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Can Jets count on Sam Darnold to become an elite quarterback?

If there’s one thing the New York Jets know about quarterback Sam Darnold, it’s that he has the mental toughness to survive the NFL crucible. He proved it to the new regime in 2019, shaking off mononucleosis, a midseason slump and the fallout from the “ghost” game against the New England Patriots. He was mocked in two stadiums that shamefully played the “Ghostbusters” theme song, but he showed uncommon grit for a 22-year-old.

“Talk about toughness and talk about adversity,” Jets general manager Joe Douglas said. “Not many guys faced more adversity than Sam.”

Douglas said it was “really impressive” to see how Darnold handled it, reinforcing the organization’s belief that he has the right makeup to play quarterback in New York. Now comes the tricky part: As he looks toward his third season, the objective is to raise his tangibles as high as his intangibles. In other words, it’s time to produce on the field.

While the basic data suggests the 2018 first-round pick made modest improvements in his second season, there’s still not enough evidence on paper to say he will become an elite player at his position. There’s a lot of stuff to be excited about, but he also has areas where he showed regression.

That Darnold was drafted by a perennial loser in the Jets exacerbated the typical growing pains. Unlike Baltimore’s Lamar Jackson, Kansas City’s Patrick Mahomes and Houston’s Deshaun Watson, three of the four quarterbacks still alive in the AFC playoffs, Darnold didn’t walk into a winning program with coaching stability. He has had it tougher than those peers, but the Jets’ hope is that a full offseason with coach Adam Gase will allow him to take a big step in 2020.

“It will be huge,” Darnold said. “Just stability and just continuing to build off what we’ve done this year, it will be huge.”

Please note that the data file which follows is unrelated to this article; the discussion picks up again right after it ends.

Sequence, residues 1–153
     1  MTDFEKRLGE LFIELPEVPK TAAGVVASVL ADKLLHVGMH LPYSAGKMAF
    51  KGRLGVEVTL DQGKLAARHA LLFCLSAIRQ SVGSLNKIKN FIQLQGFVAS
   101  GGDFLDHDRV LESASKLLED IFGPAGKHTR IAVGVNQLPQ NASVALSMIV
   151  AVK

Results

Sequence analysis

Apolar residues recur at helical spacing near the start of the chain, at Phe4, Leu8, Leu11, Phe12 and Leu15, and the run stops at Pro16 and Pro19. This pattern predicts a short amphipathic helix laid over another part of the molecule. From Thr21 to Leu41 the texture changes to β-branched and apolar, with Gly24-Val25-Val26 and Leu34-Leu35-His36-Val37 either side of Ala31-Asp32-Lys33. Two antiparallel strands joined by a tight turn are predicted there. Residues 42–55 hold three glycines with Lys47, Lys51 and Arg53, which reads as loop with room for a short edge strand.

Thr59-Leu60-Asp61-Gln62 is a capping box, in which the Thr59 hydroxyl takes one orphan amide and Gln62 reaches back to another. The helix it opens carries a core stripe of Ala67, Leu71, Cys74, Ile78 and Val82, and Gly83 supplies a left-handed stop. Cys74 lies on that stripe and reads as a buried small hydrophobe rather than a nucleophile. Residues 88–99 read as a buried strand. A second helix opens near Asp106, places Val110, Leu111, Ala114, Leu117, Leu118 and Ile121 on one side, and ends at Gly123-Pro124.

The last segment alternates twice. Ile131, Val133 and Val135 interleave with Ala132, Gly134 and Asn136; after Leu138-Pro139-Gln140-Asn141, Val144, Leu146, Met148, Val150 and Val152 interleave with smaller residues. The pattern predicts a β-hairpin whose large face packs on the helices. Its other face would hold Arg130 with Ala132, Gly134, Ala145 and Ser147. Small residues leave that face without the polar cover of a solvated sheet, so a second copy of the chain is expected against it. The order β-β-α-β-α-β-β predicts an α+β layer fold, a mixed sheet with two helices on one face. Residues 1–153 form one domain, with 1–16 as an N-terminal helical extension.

Anyone can see he took small-to-medium jumps in the major statistical categories — touchdowns, interceptions and completion percentage — but sometimes you have to dig deeper to find answers. With help from ESPN Stats & Information and NFL Next Gen Stats, this is a next-level look at the positives and negatives from 2019 — and a glimpse into what lies ahead:

Most encouraging signs

The biggest improvement for Darnold was his short-range accuracy.

As a rookie, he completed a league-low 59.1% of his passes in the 0-to-10-yard range (air yards), well below the NFL standard. It’s hard to win games at that number. In 2019, his percentage soared nearly eight points to 66.9. That’s still not a great number — he should be in the 70s — but it certainly showed the old-school cynics that, yes, a quarterback can improve his accuracy.

No doubt, Darnold benefited this season from the additions of wide receiver Jamison Crowder and running back Le’Veon Bell, proven short-area targets who combined for 144 receptions. Based on passer rating, Darnold went from 31st to 19th from this passing distance — ratings of 73.7 to 86.1.

He made a similar jump against zone defenses (all distances). This was a bugaboo in 2018, as 10 of his 15 interceptions came against zone coverage. He ranked 32 out of 33 qualifying passers with a 71.5 rating. A lot of rookies struggle against zone because the coverages are more sophisticated than in college.

This season, Darnold did a better job of reading defenses and it showed. Only four of his 13 interceptions came against zone and his passer rating improved to 91.2 (19th). This isn’t to say he has mastered the art of deciphering coverages. In the Jets’ season finale, he was having trouble with the Buffalo Bills‘ schemes and asked Gase to spread out the defense by calling four-wide packages. The adjustment was made, and it gave him a cleaner look than before.

Statistically, Darnold also showed modest progression as a passer under pressure, although he still has a long way to go. He went from a horrible 33.2 rating to 48.3, which ranked 25th. He threw seven interceptions, tied with Los Angeles Chargers quarterback Philip Rivers for most in the league.

Considering the upheaval on the offensive line (nine different starting combinations), it’s easy to assume Darnold faced constant pressure — but that’s not accurate. He was pressured on 29.5% of his dropbacks, virtually the same rate as in 2018.

Once again, his most memorable plays came outside the pocket, where he showed marked improvement. (Remember the dazzling touchdown pass to Crowder against the Baltimore Ravens?) His rating went from 54.0 to 78.0. Darnold’s best attribute is his ability to make off-schedule plays, but you can’t run an entire offense that way. What matters most is how a quarterback performs in the pocket.